Regarding teachers, the report notes that the average number of school teachers has dropped by 1% across the state, while the number of nurses and social workers in schools has increased by 5%. RIDE spokesperson Ashley Cullinane said Wednesday in an email to PBN the workforce shortage impacting our state and the nation “has posed significant challenges.” RIDE and local education agencies, she says, are working on efforts to develop hiring incentives to recruit and retain talent in addition to strengthening critical partnerships with higher education and industry professionals.

However, unlike Providence, most other districts spent the majority of their ESSER funds to date on salaries and benefits rather than additional compensation. But, districts have spent ESSER funds on school infrastructure needs, the report says.

“Districts had spent about half of the funds budgeted toward technology and facilities on long-term upgrades,” the report states. “Nearly every school in the state is now set up for one-to-one computing and most districts invested in building infrastructure, updating HVAC systems and other health-related facility needs.”

But, the report notes that districts will only reach 65% of the spending total by the end of the grant period next year if districts remain slow on ESSER spending. Annenberg did says that spending rates “have increased each year” and the spending data does not reflect the full set of obligations districts have made, making it “hard to tell at this stage” how district spending will look by the end of next year.

This is not the first time in which the state has been slow in spending COVID-19 relief funding. A Nov. 6, 2020, cover story spotlighted that the state had spent at the time only about $300 million out of its $1.25 billion share of the Coronavirus Aid, Relief, and Economic Security Act funds since it was allocated in the spring of 2020 during the pandemic’s onset. Then-Gov. Gina M. Raimondo in December 2020 said the state was on track to spend every dollar of the state’s share of the CARES Act before the end of 2020.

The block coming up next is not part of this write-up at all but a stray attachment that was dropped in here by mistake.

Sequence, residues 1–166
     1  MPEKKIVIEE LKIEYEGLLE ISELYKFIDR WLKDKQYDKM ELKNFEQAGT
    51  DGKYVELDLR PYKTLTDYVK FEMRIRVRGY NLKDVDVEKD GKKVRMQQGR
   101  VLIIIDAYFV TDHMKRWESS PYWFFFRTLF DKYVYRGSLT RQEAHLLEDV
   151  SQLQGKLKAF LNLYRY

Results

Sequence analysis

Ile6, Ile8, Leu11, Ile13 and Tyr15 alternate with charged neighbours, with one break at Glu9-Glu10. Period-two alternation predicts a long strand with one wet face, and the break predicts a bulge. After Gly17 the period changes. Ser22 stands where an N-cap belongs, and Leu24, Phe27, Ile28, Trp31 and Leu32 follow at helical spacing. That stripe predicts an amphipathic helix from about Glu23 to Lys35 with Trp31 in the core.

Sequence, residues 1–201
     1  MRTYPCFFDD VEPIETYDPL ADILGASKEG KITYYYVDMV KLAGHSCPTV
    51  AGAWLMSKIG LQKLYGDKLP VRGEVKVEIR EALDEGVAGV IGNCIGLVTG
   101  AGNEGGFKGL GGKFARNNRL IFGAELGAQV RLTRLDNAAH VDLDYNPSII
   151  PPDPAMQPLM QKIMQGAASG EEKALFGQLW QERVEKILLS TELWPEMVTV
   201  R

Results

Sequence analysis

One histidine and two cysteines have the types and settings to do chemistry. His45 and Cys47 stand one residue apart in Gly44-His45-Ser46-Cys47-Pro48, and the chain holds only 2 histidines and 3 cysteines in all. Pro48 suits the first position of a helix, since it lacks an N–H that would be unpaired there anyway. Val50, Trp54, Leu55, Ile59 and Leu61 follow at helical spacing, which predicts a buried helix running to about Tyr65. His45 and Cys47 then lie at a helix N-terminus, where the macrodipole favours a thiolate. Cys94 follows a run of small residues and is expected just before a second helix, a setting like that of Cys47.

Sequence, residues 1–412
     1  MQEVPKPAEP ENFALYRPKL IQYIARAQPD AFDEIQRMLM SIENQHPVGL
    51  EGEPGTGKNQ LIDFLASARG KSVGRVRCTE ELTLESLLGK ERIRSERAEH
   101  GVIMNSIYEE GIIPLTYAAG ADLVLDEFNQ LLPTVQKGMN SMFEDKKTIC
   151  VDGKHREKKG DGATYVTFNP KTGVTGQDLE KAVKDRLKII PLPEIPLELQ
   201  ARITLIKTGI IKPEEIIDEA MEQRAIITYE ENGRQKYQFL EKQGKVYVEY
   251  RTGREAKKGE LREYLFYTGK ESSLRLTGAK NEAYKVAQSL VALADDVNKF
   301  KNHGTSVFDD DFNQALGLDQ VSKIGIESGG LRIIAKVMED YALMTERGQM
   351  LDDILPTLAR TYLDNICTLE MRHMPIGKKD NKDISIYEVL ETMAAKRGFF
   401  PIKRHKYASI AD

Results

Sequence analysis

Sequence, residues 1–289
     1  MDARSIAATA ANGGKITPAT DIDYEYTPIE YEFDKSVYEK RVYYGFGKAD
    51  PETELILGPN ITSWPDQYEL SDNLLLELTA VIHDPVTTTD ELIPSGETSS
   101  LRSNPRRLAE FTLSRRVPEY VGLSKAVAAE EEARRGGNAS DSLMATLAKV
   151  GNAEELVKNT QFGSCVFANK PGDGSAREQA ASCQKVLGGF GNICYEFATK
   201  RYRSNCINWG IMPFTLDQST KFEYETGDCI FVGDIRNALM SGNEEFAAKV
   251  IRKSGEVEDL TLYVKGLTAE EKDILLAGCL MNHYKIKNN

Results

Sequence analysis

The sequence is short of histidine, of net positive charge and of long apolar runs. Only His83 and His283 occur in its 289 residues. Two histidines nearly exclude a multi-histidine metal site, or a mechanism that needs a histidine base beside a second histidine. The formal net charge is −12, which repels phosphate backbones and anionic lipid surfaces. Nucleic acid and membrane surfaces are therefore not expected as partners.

RIDE officials did not immediately respond Wednesday to requests for comment as to how RIDE will respond to this report or assist school districts on spending their ESSER funding.

Cullinane says RIDE is supporting school communities in their ESSER spenddowns through “intentional braiding” with federal programs and other sources. She also said LEAs in June can amend their budgets to reflect actual ESSER expenditures and make any revisions in advance of the Sept. 30 deadline. LEAs may also indicate any shifts in ESSER budgeting based on alignment with their strategic and school improvement plans as they look to the 2023-24 school year, Cullinane said.

“It is paramount they wield federal funds with strategic intent, ensuring each dollar is carefully allocated to maximize impact,” Cullinane said, “while also mindfully spending down other time-sensitive funding sources, such as state and federal grants, and considering sustainability in investments once the spending deadline passes and the ‘fiscal cliff’ arrives.”

(Update: Comment from RIDE spokesperson Ashley Cullinane added in 9th, 15th and 16th paragraphs)

James Bessette is the PBN special projects editor, and also covers the nonprofit and education sectors. You may reach him at You may also follow him on Twitter at @James_Bessette.